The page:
Over the last decade or so, the South African economic environment has consistently been subjected to large, industry-wide strikes. Unfortunately these strikes have, from time to time, been plagued by violence, destruction, coercion and intimidation.
From a legal perspective, it is important to note that certain requirements need to be met for a strike to be protected. Even then, there are also inherent restrictions incumbent upon employees participating in such strikes.
The legal recognition afforded to a protected strike by no means affords employees or trade unions a "blank cheque" to participate in any and all forms of conduct which could force the employer to accede to their demands. There are substantial restrictions imposed upon strikers and the transgression of such restrictions can, and do, have serious implications for all parties involved. These restrictions must be seen as a necessary adjunct to the fundamental right to strike entrenched within section 23(2)(c) of the Constitution of the Republic of South Africa and highlighted in international labour organization agreements. A legitimate balance needs to be maintained between employer, employee and trade union to ensure economic viability and an employment relationship built upon trust and mutual beneficence.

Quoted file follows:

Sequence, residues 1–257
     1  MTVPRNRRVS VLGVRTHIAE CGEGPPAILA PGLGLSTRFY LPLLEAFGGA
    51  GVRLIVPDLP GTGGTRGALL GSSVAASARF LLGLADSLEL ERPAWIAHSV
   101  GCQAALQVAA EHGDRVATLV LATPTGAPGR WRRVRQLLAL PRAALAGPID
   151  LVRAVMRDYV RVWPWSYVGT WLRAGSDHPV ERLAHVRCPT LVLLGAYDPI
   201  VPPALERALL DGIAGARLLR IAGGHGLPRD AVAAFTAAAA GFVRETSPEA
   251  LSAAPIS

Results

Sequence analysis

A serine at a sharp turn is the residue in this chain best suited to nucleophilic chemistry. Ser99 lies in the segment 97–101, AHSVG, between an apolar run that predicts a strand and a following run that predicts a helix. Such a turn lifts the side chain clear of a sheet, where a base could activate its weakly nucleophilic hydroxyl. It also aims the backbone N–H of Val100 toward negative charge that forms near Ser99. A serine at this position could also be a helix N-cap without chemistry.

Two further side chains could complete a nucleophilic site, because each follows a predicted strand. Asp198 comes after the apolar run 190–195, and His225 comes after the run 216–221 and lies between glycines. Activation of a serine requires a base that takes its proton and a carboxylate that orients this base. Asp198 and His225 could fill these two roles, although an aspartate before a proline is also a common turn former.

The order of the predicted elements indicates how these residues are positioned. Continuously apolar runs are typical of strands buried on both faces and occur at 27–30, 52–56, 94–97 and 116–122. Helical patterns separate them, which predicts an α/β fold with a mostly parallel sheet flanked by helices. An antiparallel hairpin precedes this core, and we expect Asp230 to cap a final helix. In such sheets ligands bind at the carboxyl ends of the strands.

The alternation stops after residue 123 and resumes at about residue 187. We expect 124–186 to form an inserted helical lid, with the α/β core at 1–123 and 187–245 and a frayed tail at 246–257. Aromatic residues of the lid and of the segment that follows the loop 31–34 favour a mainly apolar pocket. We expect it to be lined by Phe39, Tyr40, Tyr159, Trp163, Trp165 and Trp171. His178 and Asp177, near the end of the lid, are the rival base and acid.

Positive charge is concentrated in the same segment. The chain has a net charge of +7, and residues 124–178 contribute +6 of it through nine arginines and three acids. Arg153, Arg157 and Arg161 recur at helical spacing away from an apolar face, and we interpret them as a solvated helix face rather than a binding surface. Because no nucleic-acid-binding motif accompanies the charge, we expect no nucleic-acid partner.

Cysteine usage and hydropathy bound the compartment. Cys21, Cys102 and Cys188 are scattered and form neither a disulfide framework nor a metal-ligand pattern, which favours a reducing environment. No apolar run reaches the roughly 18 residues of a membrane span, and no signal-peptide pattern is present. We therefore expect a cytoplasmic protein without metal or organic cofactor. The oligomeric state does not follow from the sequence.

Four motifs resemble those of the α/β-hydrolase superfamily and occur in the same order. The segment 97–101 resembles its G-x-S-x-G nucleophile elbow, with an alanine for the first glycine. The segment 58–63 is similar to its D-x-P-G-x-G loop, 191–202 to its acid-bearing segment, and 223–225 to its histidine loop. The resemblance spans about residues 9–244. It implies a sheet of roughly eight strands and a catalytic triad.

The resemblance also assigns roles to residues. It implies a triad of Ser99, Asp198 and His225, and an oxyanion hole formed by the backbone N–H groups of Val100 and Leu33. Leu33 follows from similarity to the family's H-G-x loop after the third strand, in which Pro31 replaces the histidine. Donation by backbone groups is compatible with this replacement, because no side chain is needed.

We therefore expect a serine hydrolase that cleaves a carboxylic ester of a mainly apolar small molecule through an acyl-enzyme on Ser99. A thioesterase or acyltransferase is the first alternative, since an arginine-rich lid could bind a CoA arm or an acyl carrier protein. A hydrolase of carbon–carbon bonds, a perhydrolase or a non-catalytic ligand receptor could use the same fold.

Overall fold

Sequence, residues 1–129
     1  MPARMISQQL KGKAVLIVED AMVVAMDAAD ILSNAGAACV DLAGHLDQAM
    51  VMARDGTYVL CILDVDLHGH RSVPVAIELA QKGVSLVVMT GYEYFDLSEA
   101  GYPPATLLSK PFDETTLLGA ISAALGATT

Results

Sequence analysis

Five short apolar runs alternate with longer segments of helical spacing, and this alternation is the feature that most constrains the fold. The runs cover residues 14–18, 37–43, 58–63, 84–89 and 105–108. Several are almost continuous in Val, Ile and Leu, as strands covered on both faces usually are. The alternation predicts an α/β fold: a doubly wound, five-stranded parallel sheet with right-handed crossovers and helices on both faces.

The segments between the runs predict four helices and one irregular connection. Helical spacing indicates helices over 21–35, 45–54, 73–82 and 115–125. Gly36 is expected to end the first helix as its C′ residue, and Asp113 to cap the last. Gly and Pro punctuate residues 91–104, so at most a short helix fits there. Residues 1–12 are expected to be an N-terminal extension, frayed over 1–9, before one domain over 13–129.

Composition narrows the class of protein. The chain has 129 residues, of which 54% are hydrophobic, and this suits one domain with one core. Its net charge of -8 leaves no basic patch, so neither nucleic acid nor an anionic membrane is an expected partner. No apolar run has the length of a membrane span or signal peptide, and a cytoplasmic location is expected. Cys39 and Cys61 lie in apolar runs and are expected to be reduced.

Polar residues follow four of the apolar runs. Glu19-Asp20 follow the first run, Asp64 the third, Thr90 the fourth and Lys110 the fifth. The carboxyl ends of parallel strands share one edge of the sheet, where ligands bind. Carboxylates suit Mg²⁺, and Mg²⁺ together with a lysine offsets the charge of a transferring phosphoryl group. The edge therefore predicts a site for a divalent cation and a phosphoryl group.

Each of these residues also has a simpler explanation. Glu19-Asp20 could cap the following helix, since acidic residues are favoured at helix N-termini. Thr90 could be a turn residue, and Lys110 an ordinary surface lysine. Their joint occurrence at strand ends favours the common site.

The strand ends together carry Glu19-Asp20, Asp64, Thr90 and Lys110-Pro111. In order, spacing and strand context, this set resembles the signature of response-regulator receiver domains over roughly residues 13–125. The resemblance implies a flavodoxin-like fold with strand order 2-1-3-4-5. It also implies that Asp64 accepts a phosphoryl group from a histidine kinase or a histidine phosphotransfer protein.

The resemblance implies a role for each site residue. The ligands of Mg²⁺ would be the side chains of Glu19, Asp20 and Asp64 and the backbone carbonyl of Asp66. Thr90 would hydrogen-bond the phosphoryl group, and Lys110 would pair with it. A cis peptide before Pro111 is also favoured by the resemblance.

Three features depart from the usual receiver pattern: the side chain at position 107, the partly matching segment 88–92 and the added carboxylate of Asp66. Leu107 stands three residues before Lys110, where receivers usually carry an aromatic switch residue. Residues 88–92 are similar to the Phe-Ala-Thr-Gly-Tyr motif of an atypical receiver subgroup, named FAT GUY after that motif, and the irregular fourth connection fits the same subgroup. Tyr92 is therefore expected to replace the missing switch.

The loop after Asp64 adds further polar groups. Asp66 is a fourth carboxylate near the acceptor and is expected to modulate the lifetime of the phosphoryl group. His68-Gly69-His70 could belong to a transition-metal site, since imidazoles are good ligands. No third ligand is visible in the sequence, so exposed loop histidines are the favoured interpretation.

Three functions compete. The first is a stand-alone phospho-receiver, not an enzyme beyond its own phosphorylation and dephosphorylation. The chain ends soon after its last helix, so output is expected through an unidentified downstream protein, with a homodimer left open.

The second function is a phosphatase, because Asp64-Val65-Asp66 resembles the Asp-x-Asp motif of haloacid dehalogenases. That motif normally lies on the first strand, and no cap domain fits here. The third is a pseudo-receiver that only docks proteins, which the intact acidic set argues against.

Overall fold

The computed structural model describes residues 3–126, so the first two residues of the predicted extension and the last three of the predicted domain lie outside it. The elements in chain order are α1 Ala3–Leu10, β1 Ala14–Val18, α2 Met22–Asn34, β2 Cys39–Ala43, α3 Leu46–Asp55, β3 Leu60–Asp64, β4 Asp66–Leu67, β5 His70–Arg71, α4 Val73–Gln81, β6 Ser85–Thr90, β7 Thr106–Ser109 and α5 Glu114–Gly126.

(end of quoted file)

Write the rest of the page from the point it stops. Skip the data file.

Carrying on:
Section 213 of the Labour Relations Act (LRA) defines a strike as, "the partial or complete refusal to work, or the retardation or obstruction of work, by persons who are or have been employed by the same employer or by different employees, for the purposes of remedying a grievance or resolving a dispute in respect of any matter of mutual interest between employer and employee, and every reference to work in this definition includes overtime work, whether it is voluntary or compulsory".
Thus in order for action to constitute a strike it must meet the following requirements:
- it must consist of a partial or complete refusal to work (therefore obstruction of work, such as so called "go-slows", will constitute strike action in terms of the LRA);
- such action must be aimed at remedying a grievance or resolving a dispute of mutual interest to both parties; and